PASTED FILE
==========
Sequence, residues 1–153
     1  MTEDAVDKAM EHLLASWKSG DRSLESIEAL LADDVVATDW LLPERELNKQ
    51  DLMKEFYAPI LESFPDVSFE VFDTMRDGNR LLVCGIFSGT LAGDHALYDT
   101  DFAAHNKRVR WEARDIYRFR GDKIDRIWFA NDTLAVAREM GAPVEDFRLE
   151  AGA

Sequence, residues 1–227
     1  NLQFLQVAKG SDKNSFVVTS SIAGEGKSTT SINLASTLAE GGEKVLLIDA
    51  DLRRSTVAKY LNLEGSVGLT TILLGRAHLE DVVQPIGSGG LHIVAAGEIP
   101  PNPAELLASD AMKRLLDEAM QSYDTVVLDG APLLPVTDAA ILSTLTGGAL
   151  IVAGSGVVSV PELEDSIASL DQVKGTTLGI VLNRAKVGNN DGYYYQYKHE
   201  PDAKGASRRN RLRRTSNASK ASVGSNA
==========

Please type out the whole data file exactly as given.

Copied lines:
Sequence, residues 1–153
     1  MTEDAVDKAM EHLLASWKSG DRSLESIEAL LADDVVATDW LLPERELNKQ
    51  DLMKEFYAPI LESFPDVSFE VFDTMRDGNR LLVCGIFSGT LAGDHALYDT
   101  DFAAHNKRVR WEARDIYRFR GDKIDRIWFA NDTLAVAREM GAPVEDFRLE
   151  AGA

Sequence, residues 1–227
     1  NLQFLQVAKG SDKNSFVVTS SIAGEGKSTT SINLASTLAE GGEKVLLIDA
    51  DLRRSTVAKY LNLEGSVGLT TILLGRAHLE DVVQPIGSGG LHIVAAGEIP
   101  PNPAELLASD AMKRLLDEAM QSYDTVVLDG APLLPVTDAA ILSTLTGGAL
   151  IVAGSGVVSV PELEDSIASL DQVKGTTLGI VLNRAKVGNN DGYYYQYKHE
   201  PDAKGASRRN RLRRTSNASK ASVGSNA